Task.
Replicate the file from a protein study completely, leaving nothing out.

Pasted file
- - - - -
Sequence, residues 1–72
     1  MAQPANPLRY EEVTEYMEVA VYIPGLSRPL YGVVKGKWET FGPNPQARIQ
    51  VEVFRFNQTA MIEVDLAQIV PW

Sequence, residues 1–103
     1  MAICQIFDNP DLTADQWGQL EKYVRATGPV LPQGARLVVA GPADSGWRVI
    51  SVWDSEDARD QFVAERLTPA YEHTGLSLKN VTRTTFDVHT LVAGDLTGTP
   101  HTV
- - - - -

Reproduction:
Sequence, residues 1–72
     1  MAQPANPLRY EEVTEYMEVA VYIPGLSRPL YGVVKGKWET FGPNPQARIQ
    51  VEVFRFNQTA MIEVDLAQIV PW

Sequence, residues 1–103
     1  MAICQIFDNP DLTADQWGQL EKYVRATGPV LPQGARLVVA GPADSGWRVI
    51  SVWDSEDARD QFVAERLTPA YEHTGLSLKN VTRTTFDVHT LVAGDLTGTP
   101  HTV